Sunday, April 26, 2009

Connecting the Dots

I was talking to a friend of mine recently and lamenting the accident I had 16 months ago. I realized shortly after the accident how close I had come to dying and how I wasn’t ready to die. Since then, I have felt this incredible pressure to figure why I am still here; what my purpose is. My friend asked me if I had ever watched Steve Jobs’ 2005 Stanford Commencement Speech (I had not). He sent me a link to YouTube with instructions to watch it (click here if you haven’t seen it either). Steve Jobs told three stories about his life. I have summarized the main points here with direct quotes:

Connecting the Dots: “…You cannot connect the dots looking forward; you can only connect the dots looking backwards. You have to trust that somehow the dots will connect in your future… Believing that the dots will connect somewhere down the road will give you the confidence to follow your heart even when it leads you off the well-worn path.”

Love & Loss: “…Your work is going to fill a large part of your life and the only way to be truly satisfied is to do what you believe is great work. And the only way to do great work is to love what you do…If you haven’t found it yet, keep looking and don’t settle.”

Death: “No one wants to die. Even people who want to go to heaven, don’t want to die to get there. And yet, death is the destination we all share; no one has ever escaped it. And that is as it should be because death is very likely the single best invention of life. It’s life’s change agent -- it clears out the old to make way for the new. Your time is limited; so don’t waste it being trapped by living someone else’s life.”

I was immediately stunned by those stories, to say the least. As I watched and listened, I quietly cried letting it all soak in. I was also inspired. This is what I learned:

When you come to an unexpected place in your life, the reasons for arriving at the place only become clear as you look back and “connect the dots.” Over the last 16 months, I have often wondered why the accident happened—and have been impatient to know what lesson is in it for me. I now realize that I have to trust that somehow the dots will connect in my future. Believing that the dots will connect somewhere down the road gives me a sense of peace; a sense of peace I have not known in a very long time.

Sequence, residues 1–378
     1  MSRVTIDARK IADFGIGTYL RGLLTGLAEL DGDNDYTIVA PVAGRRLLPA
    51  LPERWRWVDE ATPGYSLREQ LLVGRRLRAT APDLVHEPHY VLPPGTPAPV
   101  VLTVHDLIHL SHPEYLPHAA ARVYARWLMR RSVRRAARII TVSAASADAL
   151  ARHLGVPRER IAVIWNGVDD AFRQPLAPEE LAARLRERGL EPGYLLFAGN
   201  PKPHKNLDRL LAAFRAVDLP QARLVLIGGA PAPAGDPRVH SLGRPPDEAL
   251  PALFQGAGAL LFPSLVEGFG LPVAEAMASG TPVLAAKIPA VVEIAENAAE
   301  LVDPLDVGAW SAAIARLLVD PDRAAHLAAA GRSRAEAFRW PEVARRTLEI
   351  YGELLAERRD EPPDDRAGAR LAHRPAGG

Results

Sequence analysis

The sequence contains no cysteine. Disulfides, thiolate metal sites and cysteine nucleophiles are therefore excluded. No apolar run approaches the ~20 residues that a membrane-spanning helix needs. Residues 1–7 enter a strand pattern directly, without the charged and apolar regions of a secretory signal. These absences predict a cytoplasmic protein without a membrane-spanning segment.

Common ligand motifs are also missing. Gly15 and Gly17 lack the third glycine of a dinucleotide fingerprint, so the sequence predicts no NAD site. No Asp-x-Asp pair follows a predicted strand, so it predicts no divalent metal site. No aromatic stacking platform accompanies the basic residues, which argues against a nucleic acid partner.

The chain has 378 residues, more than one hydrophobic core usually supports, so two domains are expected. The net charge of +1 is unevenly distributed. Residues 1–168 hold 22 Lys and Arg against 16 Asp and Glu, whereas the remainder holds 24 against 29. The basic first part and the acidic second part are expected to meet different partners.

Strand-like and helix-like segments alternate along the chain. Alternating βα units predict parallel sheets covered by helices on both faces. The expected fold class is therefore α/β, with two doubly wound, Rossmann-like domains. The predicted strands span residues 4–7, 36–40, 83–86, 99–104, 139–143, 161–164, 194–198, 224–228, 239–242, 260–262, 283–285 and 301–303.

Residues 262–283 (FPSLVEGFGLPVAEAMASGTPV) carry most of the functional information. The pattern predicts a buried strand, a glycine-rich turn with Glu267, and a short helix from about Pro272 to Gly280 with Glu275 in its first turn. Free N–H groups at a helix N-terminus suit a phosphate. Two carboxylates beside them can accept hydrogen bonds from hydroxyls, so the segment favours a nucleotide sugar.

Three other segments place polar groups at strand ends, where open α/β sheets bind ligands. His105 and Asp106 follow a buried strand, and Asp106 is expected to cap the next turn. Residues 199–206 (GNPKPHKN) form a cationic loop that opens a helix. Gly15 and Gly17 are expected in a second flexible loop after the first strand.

I need balance in my life in order to be truly satisfied. Prior to the accident, my life was primarily my work. Although I believed what I did was great work, I didn’t have that balance with a great life outside of work. The balance is still a struggle, but with a renewed sense of peace, I feel a better sense of balance.

My time is limited. I feel pressure to live my life well each day…and every day I seem to fail in some way. I am sad on the days that I “waste,” knowing how quickly it can all disappear. However, my time here is limited. I need to focus more on the success I create each day and less on the failures.

I am thankful to my friend for helping me to connect one of these dots. I should clarify that this friend only recently came back into my life—after a 25 year absence. I am 43 years old now—you do the math. How someone who has missed the past 25 years of my life could be so perceptive overwhelms me. Perhaps this renewed friendship is just one dot helping me connect the other dots.

1 comment:

Katie said...

Thank you for sharing those amazing quotes . . . They are truly inspiring and can help all of us to put things in perspective!